How big should you make your art?
I’ve noticed some digital artists out there who just kind of guess when choosing the dimensions of their artwork. Trying to understand ppi, dpi, print dimensions, and resolution can send you down a rabbit hole of complexity likely to break your brain.
If you are creating an image only for the web, it is really up to you how big you want to make it. The only relevant dimensions are the pixels. Print size and pixels per inch are of no consequence. A 1920x1080 300ppi image will be the same as a 1920x1080 600ppi image. Your screen only cares about pixel dimensions.
If you plan to print your image, that is where things can get complicated.
Here is the simple version…
First you need to determine the maximum size that your work may be printed. Here are the most commonly used sizes for poster prints.
Now you need to know the brand of printer that will be used. Typically it will be Epson, HP, or Canon.
For Epson printers…
- Input the width and height.
- Input a resolution of 360 pixels per inch.
For Canon, HP, and most other printers…
- Input the width and height.
- Input a resolution of 300 pixels per inch.
So let’s say you are in photoshop and you want your art to be printed at 11” x 17” on an Epson printer. This is how you should create your document.
If you do not know how your work will be printed, I recommend erring on the side of “too big.” If you end up having to enlarge your work, it could result in some quality loss.
You don’t know how your work will be printed. So you decide to make your art 24” x 36” at 360 pixels per inch. Your image size dialog box looks like this.
You find out that the art will be printed at 11” x 17” on a Canon printer. You need to resize your document for optimal sharpness. You’ll want to change the largest dimension value. In this case, 36” is the largest, so you change that to 17”. Since it will be a Canon printer, you will need to adjust the resolution to 300 pixels per inch. And because you are making the image smaller, you’ll want to use “bicubic sharper” to maintain the best image quality.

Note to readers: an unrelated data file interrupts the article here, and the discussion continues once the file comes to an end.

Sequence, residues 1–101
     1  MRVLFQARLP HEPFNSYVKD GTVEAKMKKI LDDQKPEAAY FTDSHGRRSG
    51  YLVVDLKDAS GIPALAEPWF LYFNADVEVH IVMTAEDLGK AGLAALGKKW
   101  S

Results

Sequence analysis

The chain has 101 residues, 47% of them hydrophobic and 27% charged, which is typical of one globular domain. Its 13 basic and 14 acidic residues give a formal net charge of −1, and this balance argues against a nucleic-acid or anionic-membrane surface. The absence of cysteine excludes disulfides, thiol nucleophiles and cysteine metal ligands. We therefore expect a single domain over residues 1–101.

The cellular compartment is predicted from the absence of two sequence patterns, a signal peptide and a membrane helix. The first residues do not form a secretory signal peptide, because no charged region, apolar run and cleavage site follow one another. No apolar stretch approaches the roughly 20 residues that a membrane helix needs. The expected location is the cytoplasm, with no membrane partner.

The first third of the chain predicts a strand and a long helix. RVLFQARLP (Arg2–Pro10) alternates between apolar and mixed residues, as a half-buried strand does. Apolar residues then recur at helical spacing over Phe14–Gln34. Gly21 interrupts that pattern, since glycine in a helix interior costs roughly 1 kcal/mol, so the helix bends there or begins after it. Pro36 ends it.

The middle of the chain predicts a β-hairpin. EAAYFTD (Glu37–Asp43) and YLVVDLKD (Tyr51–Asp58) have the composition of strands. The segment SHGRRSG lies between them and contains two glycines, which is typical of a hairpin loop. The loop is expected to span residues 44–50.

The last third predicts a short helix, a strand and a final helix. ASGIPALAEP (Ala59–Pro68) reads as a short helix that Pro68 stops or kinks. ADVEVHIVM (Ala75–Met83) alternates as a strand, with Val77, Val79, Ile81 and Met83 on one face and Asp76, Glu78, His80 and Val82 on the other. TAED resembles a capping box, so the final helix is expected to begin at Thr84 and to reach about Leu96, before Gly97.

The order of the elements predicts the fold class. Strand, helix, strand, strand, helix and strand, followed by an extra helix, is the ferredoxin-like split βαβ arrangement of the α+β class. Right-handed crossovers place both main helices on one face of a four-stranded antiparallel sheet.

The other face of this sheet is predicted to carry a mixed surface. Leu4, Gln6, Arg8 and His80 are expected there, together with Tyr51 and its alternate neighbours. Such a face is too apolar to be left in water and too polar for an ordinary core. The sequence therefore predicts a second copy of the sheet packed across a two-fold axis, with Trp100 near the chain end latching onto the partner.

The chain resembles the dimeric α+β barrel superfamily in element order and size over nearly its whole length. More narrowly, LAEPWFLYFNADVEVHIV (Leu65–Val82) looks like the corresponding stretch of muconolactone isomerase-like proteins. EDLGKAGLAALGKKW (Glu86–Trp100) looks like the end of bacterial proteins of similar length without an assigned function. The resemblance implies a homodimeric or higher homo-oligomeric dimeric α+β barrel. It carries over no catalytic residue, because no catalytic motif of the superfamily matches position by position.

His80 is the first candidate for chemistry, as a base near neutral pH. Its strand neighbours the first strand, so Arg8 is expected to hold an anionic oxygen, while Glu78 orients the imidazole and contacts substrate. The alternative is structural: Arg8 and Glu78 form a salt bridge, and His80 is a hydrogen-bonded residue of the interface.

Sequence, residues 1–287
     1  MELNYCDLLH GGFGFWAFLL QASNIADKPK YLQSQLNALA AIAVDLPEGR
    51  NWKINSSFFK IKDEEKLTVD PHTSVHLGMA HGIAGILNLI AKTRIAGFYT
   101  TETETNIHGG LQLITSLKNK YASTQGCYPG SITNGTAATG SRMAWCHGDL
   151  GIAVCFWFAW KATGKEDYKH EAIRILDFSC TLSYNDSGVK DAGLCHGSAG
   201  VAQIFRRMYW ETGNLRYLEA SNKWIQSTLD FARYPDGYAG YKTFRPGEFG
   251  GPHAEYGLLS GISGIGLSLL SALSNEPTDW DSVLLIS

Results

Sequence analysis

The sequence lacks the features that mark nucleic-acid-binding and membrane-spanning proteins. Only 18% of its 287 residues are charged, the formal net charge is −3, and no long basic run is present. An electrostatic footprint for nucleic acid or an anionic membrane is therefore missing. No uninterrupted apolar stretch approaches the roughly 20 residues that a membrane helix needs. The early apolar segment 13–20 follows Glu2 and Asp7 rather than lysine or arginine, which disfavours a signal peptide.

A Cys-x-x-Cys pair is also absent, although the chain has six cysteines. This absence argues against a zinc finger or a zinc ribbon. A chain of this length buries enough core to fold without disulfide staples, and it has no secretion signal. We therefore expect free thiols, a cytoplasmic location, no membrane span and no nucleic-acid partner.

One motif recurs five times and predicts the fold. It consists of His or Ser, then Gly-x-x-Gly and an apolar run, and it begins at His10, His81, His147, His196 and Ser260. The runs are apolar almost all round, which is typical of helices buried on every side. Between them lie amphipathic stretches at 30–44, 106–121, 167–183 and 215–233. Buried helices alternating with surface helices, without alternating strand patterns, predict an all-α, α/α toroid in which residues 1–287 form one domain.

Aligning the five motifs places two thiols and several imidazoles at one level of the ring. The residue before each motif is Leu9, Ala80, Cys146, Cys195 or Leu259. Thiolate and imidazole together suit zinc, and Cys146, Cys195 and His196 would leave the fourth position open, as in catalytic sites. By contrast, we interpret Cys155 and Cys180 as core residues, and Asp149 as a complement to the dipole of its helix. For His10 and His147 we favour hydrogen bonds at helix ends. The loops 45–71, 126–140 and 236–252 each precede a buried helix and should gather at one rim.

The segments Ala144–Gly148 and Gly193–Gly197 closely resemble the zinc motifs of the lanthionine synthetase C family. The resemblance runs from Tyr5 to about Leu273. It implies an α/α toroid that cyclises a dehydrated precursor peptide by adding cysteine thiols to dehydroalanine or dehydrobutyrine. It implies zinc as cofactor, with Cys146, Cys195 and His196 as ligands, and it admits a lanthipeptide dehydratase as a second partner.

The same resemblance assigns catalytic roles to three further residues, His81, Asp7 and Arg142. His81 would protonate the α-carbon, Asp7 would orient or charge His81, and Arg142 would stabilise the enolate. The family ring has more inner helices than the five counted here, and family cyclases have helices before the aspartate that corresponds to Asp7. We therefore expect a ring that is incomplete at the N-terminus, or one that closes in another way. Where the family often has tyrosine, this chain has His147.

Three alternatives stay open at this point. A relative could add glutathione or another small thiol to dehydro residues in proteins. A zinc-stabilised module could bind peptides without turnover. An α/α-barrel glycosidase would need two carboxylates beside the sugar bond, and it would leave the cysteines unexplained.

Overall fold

Now you have to crop off that .333 from the width. That is done in canvas size.
Hit okay and now you have an 11” x 17” document at 300 pixels per inch ready to print on a Canon printer.
Getting more technical…
The goal is to size your work so that the printer does not resample your image. Meaning the printer driver doesn’t take your image and make it bigger or smaller. Your image editor is always going to do a better job of resampling than your printer, so if you can set up your document to the native resolution of your printer, it will output with the highest possible sharpness.
A lot of people see the dpi of printers and think that is its resolution. The manufacturer will even say that is its resolution. It’s not. That is just how many dots it can cram on the page. Many dots make up just one pixel of your image. And the number of pixels your printer can cram on the page is actually its resolution.
The printer’s resolution is measured in ppi or pixels per inch. You will notice in photoshop it doesn’t actually say dpi. It says pixels per inch. Many, many people use ppi and dpi interchangeably and it is frustrating and confusing for everyone. They aren’t the same thing, but most people say dpi for everything. Even the manufacturers will use dpi incorrectly. To make matters worse, usually printer manuals don’t even list the native pixels per inch. Probably because it is a low number and looks less impressive when marketing.
Some oddball printers may not use the 300 or 360ppi native resolution. If your images still look soft and you want to be absolutely sure of your printer’s native pixels per inch, the best option is to email the manufacturer about your model. Be very specific about what you are asking. If they give you a crazy high number like 6000 x 12000 dpi, you tell them, “NO, YOU FARTNUGGET. I WANT THE NUMBER OF PIXELS PRINTED IN ONE INCH, NOT THE NUMBER OF DOTS!” If they respond back with something like 400 pixels per inch, then that is the resolution you’ll want to use for your document.
Epsons typically are 360ppi or 720ppi. Other manufacturers are usually 300ppi or 600ppi. Wide format printers almost always have the lower ppi. The higher ppi’s are typically only used for fine detail vector printouts and you have to set your driver to use that fine detail mode. The nice thing about vector illustrations is that you can alter their dimensions and ppi without any quality loss. You can certainly make your digital paintings at those higher ppi’s, but I’m told there is little quality difference when printing and the files at that resolution can be a lot for your computer to handle.
Hopefully this was helpful. If you have had problems with images looking soft, I think this might help you get them looking sharp. Take care and make some art.